UNUM Life Ins. Co. of America v. Ward, 526 U.S. 358 (1999)

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358

OCTOBER TERM, 1998

Syllabus

UNUM LIFE INSURANCE CO. OF AMERICA v. WARD

certiorari to the united states court of appeals for the ninth circuit

No. 97-1868. Argued February 24, 1999—Decided April 20, 1999

Defendant-petitioner UNUM Life Insurance Company of America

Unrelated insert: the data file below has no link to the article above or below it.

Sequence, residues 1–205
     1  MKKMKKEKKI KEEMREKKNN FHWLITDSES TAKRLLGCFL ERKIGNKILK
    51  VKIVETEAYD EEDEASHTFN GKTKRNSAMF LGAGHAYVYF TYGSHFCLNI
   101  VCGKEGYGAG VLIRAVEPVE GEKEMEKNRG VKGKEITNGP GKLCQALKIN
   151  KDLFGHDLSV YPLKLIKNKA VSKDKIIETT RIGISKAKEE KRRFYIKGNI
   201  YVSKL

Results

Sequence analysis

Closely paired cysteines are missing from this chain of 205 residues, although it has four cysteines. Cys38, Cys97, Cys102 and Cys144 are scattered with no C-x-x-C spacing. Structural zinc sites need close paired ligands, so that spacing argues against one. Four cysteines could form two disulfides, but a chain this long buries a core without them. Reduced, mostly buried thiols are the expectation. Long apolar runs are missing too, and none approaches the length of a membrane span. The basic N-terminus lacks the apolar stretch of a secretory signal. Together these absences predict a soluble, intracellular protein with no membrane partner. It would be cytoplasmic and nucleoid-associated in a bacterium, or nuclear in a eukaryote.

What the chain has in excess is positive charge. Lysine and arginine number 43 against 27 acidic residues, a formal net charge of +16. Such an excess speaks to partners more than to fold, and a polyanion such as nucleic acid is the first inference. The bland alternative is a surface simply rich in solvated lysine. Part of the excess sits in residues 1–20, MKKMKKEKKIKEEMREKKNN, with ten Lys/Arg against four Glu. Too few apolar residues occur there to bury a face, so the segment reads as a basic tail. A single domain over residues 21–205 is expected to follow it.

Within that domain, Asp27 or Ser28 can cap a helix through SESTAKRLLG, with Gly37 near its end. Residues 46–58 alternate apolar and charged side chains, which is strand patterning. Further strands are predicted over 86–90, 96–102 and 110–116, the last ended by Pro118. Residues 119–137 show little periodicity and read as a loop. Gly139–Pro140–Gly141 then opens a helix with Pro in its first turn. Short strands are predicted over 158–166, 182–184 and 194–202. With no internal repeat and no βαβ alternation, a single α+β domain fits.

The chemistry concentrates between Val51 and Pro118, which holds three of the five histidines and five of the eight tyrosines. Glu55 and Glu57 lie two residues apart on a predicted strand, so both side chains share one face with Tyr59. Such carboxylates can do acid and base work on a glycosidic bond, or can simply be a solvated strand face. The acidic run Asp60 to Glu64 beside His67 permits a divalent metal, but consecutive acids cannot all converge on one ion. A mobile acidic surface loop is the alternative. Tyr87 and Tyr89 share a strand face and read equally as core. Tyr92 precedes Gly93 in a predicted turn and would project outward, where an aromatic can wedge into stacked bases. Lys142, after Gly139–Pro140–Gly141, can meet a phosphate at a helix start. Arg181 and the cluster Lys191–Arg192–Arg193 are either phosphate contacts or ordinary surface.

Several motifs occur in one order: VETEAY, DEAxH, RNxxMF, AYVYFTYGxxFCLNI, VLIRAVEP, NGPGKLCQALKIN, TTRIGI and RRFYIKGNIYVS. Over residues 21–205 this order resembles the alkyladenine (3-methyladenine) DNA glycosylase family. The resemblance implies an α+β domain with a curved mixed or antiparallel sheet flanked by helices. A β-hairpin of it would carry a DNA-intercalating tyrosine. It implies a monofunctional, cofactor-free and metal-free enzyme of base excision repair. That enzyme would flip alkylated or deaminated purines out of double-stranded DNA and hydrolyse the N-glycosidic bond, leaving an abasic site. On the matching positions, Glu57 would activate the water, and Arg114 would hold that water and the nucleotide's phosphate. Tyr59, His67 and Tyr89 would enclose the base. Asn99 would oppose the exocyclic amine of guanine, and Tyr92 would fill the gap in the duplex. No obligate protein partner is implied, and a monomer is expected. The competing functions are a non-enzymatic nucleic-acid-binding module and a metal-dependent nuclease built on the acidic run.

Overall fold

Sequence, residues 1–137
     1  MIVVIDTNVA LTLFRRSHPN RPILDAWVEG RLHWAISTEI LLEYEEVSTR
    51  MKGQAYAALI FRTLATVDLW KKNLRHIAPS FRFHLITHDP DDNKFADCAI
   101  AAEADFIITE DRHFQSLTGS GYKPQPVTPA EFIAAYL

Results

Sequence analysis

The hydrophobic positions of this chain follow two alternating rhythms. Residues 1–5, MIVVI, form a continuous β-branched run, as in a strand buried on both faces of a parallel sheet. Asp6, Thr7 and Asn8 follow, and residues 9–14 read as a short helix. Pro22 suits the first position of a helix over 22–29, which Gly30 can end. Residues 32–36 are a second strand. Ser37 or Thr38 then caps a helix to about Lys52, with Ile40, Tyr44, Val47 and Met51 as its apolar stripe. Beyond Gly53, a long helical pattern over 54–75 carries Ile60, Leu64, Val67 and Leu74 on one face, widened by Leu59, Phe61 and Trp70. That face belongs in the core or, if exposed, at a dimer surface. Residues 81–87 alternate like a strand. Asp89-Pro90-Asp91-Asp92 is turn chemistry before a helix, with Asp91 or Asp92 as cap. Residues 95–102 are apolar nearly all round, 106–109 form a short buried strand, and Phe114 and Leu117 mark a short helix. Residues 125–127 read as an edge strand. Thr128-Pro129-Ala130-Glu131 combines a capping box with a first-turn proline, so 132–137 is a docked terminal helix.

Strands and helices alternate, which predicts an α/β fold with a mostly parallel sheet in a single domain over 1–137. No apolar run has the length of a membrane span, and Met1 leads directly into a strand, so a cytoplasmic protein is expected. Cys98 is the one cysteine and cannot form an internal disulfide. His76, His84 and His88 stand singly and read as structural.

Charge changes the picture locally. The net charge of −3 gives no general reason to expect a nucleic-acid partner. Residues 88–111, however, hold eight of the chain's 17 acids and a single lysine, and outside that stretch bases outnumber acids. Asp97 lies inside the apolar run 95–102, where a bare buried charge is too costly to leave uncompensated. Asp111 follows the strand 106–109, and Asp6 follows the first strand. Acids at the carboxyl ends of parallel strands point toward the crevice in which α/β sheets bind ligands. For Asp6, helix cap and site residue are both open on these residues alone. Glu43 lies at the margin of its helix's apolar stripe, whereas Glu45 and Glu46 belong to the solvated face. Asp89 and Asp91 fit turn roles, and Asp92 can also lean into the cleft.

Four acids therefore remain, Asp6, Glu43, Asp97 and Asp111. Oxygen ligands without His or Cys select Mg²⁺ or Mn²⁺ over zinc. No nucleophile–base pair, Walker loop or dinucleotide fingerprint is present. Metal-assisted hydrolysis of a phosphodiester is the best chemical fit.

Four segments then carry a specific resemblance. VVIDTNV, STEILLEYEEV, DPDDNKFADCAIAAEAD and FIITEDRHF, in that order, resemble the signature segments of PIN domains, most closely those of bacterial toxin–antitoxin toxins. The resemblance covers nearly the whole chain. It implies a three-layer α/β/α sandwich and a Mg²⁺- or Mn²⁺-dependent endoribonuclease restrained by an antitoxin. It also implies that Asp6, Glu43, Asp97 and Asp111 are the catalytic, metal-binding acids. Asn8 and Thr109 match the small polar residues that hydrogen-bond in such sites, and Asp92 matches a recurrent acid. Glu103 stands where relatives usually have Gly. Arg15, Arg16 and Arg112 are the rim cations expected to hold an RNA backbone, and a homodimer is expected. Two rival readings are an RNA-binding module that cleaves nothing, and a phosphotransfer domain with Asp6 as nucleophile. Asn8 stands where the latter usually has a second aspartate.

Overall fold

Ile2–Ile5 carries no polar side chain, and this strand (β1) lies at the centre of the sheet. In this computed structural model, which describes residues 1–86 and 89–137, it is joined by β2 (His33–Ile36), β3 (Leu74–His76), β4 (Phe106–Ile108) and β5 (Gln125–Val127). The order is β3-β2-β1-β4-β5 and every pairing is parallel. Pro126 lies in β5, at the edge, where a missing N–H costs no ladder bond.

(UNUM) issued a long-term group disability policy to Management Analysis Company (MAC) as an insured welfare benefit plan governed by the Employee Retirement Income Security Act of 1974 (ERISA). The policy provides that proofs of claim must be furnished to UNUM, at the latest, one year and 180 days after the onset of disability. Under the admitted facts of this case, plaintiff-respondent Ward, a MAC employee, became permanently disabled on May 5, 1992. In late February or early March 1993, he qualified for state disability benefits in California, where he worked, and thereupon informed MAC of his disability. In April 1994, Ward asked MAC whether its long-term disability plan covered his condition. When MAC told him it did, Ward completed a benefits application and sent it to MAC, which processed the application and forwarded it to UNUM. UNUM received proof of Ward's claim on April 11, 1994. Because this notice was late under the policy terms, UNUM advised Ward that his claim was denied as untimely. Ward filed this suit under ERISA's civil enforcement provision, 29 U. S. C. 1132(a), to recover the disability benefits provided by the plan. He argued that, because a California employer administering an insured group health plan should be deemed to act as the insurance company's agent under Elfstrom v. New York Life Ins. Co., 67 Cal. 2d 503, 512, 432 P. 2d 731, 737, his notice of permanent disability to MAC, in February or March 1993, sufficed to supply timely notice to UNUM. The District Court rejected this argument, concluding that California's Elfstrom rule is subject to ERISA's preemption clause, 1144(a), which states that ERISA provisions "shall supersede . . . State laws" to the extent that those laws "relate to any employee benefit plan." In rendering summary judgment for UNUM, the District Court further held that the Elfstrom rule is not preserved under ERISA's saving clause, 1144(b)(2)(A), which exempts from preemption "any law of any State which regulates insurance." The Ninth Circuit reversed, identifying two grounds on which Ward might prevail. First, that court relied on California's "notice-prejudice" rule, under which an insurer cannot avoid liability although the proof of claim is untimely, unless the insurer shows it suffered actual prejudice from the delay. Following its precedent,

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